Many interesting linear optical networks, such as lattice filters and some interferometer meshes, are difficult to fabricate precisely and cannot be configured progressively even using recent algorithms. Our approach allows a broad category of optical networks to be set up progressively and automatically, including correcting for fabrication imprecision. We null interference locally in the network based on inputs calculated by considering the network operated in reverse. Calibration is only required for the network inputs, not for individual components (though this method can also calibrate those). We illustrate specific cases of lattice filters and rectangular meshes of interferometers, and we expect the approach can be applied broadly to networks in which the light only propagates forward in the network.
© 2017 Optical Society of America
With increasingly sophisticated technology for making complex integrated optical circuits, such as silicon photonics or other integrated platforms, there are growing opportunities for novel linear optical functions . Meshes of two-beam interferometers, such as Mach-Zehnder interferometers (MZIs), can address a wide range of applications including telecommunications mode-division (de)multiplexing [2–4]; linear optical networks for neural , quantum [6,7], and general linear information processing [8,9]; optical filters [10,11]; microwave photonics for analog signal processing [12–14]; laser beam power combining [15,16]; self-aligning beam couplers ; and self-configuring optics generally [1,4,16–22]. The concept of such universal linear optical components  also allows proofs of novel fundamental laws .
Though we can calculate interferometer settings based on some design [17,24,25], calibrating components like beam splitters and phase shifters inside a large mesh can be a complicated task that might have to be repeated as components drift. Algorithms have been proposed [16–18,20] and demonstrated [4,21,22] that can set up certain classes of meshes. Those meshes can be progressively configured after fabrication, including correction of imperfections [20,22], without having to separately calibrate the components inside the mesh, and these procedures can also be used to calibrate mesh components.
These algorithms work in an existing known mesh architecture for unitary transforms [6,16,17,24], in cascaded binary trees , and an optimal non-unitary architecture . They operate by successive single-parameter power minimizations or maximization with training inputs. They work most flexibly with embedded monitoring detectors, though external detectors can be used [16,17,20]. Related progressive algorithms allow phase shifter calibrations in meshes with diagonal rows each with external detectors [6,9]. Any linear mapping can be accomplished using meshes of MZIs built with 50:50 beamsplitters [6,17], and a recent extension allows “perfect” meshes to be configured even when fabricated beam splitter ratios are far from 50:50 (up to as bad as 85:15) [20,22]. Such architectures can even continuously adapt to changing problems or component parameter drifts [4,16–19].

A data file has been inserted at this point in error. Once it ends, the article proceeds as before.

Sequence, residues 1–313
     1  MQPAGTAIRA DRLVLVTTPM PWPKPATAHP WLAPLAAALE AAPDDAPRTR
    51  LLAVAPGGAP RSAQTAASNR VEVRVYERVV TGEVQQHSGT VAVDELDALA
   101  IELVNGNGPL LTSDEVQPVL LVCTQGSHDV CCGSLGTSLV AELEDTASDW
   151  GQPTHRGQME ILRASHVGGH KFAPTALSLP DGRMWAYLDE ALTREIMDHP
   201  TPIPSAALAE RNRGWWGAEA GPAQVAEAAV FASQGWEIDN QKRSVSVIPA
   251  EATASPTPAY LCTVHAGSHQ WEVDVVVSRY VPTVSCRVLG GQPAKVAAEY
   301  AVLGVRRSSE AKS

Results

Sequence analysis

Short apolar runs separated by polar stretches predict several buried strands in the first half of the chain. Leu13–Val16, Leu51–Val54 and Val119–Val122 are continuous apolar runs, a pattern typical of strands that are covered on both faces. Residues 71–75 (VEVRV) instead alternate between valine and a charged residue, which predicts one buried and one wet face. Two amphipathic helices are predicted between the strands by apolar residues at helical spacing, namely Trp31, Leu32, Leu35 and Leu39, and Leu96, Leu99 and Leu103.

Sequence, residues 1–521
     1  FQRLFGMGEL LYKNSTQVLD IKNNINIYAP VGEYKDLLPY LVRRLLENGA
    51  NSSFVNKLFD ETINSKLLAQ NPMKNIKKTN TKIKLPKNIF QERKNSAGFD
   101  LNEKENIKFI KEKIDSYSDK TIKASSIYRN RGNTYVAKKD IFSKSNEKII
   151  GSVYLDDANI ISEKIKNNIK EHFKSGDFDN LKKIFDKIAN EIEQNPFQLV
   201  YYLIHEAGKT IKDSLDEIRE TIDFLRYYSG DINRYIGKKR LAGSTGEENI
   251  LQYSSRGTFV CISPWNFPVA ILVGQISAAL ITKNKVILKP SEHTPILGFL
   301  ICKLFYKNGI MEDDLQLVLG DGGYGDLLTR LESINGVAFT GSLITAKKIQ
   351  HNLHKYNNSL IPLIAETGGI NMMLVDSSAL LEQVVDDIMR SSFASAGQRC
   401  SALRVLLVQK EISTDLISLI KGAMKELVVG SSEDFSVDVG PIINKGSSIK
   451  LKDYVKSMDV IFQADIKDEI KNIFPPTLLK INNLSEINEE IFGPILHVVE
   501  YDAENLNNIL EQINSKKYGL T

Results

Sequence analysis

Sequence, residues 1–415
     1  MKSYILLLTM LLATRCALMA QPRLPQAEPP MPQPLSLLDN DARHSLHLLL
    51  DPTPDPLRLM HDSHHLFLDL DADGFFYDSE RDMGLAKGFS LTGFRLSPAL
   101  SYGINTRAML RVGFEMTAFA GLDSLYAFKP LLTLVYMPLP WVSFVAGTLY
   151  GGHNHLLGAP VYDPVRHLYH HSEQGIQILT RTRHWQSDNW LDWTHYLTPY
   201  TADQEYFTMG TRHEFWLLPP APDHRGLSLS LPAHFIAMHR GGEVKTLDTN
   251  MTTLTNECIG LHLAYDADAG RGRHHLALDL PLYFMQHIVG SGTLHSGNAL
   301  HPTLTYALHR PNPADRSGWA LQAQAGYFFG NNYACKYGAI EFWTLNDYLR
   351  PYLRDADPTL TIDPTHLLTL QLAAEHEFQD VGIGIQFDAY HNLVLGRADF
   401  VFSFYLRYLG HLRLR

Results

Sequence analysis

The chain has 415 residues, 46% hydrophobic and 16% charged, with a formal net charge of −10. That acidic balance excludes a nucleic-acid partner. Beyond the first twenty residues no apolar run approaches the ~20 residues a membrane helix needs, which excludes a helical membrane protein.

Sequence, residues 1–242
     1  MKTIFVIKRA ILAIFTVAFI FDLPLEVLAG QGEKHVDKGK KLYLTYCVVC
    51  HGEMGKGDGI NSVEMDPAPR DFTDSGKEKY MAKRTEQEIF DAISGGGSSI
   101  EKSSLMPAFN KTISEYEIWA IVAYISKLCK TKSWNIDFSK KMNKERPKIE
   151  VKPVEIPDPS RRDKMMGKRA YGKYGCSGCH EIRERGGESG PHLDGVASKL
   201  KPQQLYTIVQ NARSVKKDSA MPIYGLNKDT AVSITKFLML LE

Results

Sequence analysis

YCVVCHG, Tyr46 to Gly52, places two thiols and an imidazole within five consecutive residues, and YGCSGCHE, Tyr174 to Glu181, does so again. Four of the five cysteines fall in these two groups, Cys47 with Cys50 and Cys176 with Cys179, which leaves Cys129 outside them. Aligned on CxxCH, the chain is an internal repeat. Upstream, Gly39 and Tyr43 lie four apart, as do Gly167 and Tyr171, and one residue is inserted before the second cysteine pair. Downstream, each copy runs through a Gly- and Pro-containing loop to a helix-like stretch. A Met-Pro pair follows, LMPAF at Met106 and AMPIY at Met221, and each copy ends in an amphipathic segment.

Some other mesh architectures, such as lattice filters for wavelength filtering [10,11], a “compacted” unitary transform mesh , and possibly mesh architectures for microwave photonics applications [13,14], cannot use these previous algorithms, however.
Here, using a “Reversed Local Light Interference Method” (RELLIM), we show how much broader categories of mesh architectures can be both “perfected” and progressively configured. We expect this method can work for any mesh of connected two-beam interferometers in which the light only flows in one sense – “forward-only” optics – or at least that, during some setup or calibration, the mesh can be arranged to be “forward-only”, as may be the case for some microwave photonics architectures [13,14].
2. Concept of the RELLIM approach
Consider first just one two-beam interferometer, such as an MZI (Fig. 1) (other approaches, such as controllable directional couplers, could also be used). We need to control a relative phase delay ϕ in the “Top” arm relative to the “Left” arm at the input of the interferometer, and, using a controllable relative phase delay θ in the upper branch in an MZI, the split ratio between the “Right” and “Bottom” outputs, as in the phase shifters ϕ and θ in Fig. 1. We also show detectors DR and DB in the “Right” and “Bottom” outputs (though we only need one of these). For the moment, the beamsplitters are presumed to have perfect 50:50 beamsplitting ratios. The detectors sample only some negligible fraction of the power passing through them, sufficient to run “slow” feedback loops during setup. Such “mostly-transparent” detectors can be fabricated in various ways, including simple power taps to external detectors  or capacitively coupled detection [4,26].
We presume forward-going wave amplitudes ET and EL entering and ER and EB exiting (Fig. 1). We describe the MZI with a “device” matrix acting on a vector of forward-going input amplitudes to give a vector of forward-going output amplitudes, using a Dirac notation for convenience,
We want to set up the MZI with values of ϕ and θ to implement the desired “forward-going” device matrix , based only in minimizing or maximizing power in DR or DB and without separately calibrating components. One key to this is to imagine that we shine power backwards into just one of the “output” ports.